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Transfer Case Description and Operation





The NVG 149 RPO NP3 is a single speed, single mode transfer case. The mode is full-time all wheel drive. It has a planetary differential gear set that splits the torque, normally 38 percent to the front wheels and 62 percent to the rear wheels.


The NVG 149 utilizes magnesium housings. Proper fasteners, brackets, and fill/drain plugs must be used to prevent galvanic corrosion. The planetary differential uses the carrier (6) as the input. The annulus gear (4) connects to the rear output shaft (5) and rear wheels. The sun gear (3) connects to the front output shaft (7) and front wheels through the chain (8) and sprockets. The viscous coupling (2) consists of a sealed housing filled with a high viscosity silicone fluid and thin steel plates alternately splined to the inner and outer drum. The inner drum is connected to the input shaft (1), and the outer drum to the sun gear (3). Whenever there is a speed difference between the front and rear wheels, the inner and outer plates of the viscous coupling spin relative to each other and the silicone fluid provides resistance. The resistance was tuned to be high enough to bias power quickly to the wheels with traction, and low enough to prevent binding in a tight turn on dry surfaces. This is the most common way the viscous coupling is activated, the shear mode. If the speed difference is high, the coupling can lock or hump. This "hump" occurs when the heat generated, expands the fluid inside the housing, changing the fluid dynamics between the plates. This results in pressure between the plates, forcing them into contact with each other, similar to a clutch pack. In the hump mode, the coupling can bias torque 100 percent to one axle, if required. Situations requiring this are extreme such as backing up a steep gravel grade or climbing over off-road obstacles. The viscous coupling is not serviceable; it must be replaced if defective. This is because each viscous coupling is calibrated for optimum vehicle performance for both the shear and hump modes. If the viscous coupling is in the "hump" mode too long, severe damage will occur.


To prevent damage to the viscous coupling, DO NOT:


Tow with only two wheels down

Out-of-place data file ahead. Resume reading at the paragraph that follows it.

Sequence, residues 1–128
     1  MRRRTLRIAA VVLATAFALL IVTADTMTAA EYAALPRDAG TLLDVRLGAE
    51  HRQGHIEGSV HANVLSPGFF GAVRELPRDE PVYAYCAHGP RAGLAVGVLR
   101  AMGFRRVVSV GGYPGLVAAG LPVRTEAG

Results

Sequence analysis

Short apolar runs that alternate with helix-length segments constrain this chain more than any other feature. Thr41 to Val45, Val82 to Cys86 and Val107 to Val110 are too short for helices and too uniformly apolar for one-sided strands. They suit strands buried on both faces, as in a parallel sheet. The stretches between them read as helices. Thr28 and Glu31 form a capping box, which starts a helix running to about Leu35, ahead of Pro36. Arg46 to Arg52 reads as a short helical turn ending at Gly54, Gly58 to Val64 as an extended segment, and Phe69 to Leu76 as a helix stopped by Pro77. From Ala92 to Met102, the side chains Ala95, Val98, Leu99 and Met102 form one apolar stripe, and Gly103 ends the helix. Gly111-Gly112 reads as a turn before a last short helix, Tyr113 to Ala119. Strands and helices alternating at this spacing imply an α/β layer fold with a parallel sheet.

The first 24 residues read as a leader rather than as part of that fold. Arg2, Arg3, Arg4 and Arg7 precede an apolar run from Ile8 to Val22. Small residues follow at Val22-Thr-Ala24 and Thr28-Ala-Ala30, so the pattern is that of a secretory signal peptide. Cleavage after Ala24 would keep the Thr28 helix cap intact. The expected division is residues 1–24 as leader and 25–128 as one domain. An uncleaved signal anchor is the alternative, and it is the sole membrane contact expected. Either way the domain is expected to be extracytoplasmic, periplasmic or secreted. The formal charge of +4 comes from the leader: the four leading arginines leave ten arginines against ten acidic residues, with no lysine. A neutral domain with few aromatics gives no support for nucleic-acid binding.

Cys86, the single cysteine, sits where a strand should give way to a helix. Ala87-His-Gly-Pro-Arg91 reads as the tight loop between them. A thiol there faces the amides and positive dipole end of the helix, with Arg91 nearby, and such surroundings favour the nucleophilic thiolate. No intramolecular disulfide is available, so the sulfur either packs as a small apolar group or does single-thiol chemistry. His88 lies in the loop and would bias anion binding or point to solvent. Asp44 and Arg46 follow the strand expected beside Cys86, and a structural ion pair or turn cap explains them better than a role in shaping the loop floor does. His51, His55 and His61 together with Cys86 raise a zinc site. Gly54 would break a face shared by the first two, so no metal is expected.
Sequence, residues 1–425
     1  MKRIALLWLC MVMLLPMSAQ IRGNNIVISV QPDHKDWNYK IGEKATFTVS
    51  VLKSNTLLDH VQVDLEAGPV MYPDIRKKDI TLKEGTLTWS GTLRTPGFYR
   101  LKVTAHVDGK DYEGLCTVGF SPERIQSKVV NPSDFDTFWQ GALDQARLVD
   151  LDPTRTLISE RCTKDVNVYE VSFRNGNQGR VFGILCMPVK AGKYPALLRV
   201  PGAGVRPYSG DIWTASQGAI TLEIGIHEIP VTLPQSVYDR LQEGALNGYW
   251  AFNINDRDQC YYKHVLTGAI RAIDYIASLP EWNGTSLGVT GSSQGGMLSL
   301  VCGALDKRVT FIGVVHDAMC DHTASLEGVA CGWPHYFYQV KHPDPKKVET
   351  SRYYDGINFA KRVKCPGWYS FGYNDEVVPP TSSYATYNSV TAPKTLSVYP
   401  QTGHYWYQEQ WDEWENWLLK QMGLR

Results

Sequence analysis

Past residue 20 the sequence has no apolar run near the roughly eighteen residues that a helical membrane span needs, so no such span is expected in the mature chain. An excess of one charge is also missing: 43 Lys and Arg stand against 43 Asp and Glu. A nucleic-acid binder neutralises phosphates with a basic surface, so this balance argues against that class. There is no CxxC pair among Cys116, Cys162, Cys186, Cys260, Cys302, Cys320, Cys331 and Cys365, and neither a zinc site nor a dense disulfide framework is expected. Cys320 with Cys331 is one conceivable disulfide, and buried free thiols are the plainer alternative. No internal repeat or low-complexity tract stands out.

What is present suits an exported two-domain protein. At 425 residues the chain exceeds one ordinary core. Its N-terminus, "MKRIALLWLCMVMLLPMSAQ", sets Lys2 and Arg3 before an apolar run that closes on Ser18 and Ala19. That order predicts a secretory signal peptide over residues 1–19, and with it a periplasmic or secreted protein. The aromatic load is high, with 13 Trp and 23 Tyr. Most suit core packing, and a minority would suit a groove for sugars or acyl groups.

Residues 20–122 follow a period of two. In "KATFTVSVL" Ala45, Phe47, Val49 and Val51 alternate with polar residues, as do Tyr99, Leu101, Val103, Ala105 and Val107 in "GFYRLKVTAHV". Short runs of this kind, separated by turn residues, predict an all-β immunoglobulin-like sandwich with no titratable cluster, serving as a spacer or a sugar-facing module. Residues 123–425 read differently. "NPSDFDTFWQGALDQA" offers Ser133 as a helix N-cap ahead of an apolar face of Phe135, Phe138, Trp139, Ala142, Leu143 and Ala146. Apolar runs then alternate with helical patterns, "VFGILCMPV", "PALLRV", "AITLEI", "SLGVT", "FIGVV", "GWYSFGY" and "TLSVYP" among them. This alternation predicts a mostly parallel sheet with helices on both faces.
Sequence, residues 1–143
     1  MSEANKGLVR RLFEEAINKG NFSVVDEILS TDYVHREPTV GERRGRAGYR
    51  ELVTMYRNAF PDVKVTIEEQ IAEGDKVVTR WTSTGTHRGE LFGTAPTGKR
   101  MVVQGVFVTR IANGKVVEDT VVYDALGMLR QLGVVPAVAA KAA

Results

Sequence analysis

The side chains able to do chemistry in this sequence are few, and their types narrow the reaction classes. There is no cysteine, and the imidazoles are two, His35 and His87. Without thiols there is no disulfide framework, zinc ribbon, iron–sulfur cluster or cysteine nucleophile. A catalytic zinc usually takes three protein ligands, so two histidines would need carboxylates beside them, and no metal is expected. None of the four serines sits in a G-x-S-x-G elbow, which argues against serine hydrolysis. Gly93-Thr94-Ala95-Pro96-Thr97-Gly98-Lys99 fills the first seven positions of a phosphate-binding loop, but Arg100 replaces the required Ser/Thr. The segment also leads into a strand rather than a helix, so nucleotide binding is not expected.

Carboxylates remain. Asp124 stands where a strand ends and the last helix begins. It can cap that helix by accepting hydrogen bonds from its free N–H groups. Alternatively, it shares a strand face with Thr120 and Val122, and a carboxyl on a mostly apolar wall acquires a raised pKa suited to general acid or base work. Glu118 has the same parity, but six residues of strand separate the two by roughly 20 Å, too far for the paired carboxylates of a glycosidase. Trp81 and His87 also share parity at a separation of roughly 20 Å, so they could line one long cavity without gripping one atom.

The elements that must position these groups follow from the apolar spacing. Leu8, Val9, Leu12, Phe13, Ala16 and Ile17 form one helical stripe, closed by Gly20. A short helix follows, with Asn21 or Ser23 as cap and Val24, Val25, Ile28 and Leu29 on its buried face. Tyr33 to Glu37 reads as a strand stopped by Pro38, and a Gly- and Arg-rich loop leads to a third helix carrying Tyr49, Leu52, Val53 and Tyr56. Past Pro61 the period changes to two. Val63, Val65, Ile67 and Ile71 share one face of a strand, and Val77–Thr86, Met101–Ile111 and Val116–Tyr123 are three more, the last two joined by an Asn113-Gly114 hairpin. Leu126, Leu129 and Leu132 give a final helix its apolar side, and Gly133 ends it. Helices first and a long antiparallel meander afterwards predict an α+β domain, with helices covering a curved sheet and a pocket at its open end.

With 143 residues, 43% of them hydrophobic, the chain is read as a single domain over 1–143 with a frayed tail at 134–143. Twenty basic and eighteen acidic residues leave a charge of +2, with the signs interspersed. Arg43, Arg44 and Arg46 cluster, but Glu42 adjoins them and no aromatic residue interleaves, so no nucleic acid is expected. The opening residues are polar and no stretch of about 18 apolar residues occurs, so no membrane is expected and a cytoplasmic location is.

Drive without one propshaft

Drive with a "donut" spare tire for an extended period of time

Operate the vehicle on a hoist to diagnose the driveline components

Power Flow - No Wheels Slip





During normal operation, 100 percent torque is delivered to the input shaft (1) from the transmission. The torque is split to 62 percent to the rear output shaft (2) and 38 percent to the front output shaft (3), by the planetary differential. Because there is not a loss in traction or slip in the front or rear wheels, the viscous coupling is locked in place and there is no "shear" mode or "hump" mode involved.


Power Flow - Front Wheels Slip





When traction is lost at the front wheels, the viscous coupling works in conjunction with the differential to bias the torque more to the rear wheels. The rear torque goes higher than the 62 percent, and up to 100 percent torque to the rear output shaft (2). The torque at the front output shaft (3) is lowered from the 38 percent, to as low as 0 percent torque.


Power Flow - Rear Wheels Slip





When traction is lost at the rear wheels, the torque is biased to the front wheels. The torque to the front output shaft (3) goes higher from the 38 percent, up to 100 percent torque. The torque at the rear output shaft (2) is lowered from the 62 percent, to as low as 0 percent torque.


Customers may have concern that the transfer case is not operating properly because one set of tires spun for a brief period. It is normal for one set of tires to spin until the viscous coupling engages.


Turning off the traction control switch, if equipped, enhances the function of the viscous coupling. The viscous coupling, as described above, engages by heat. Allowing one set of tires to spin or slip for a brief period will generate heat in the viscous coupling. The engine speed should be kept at a constant speed during the brief spin of the tires. Pulsating the engine speed or hard acceleration will not allow the viscous coupling to operate properly.

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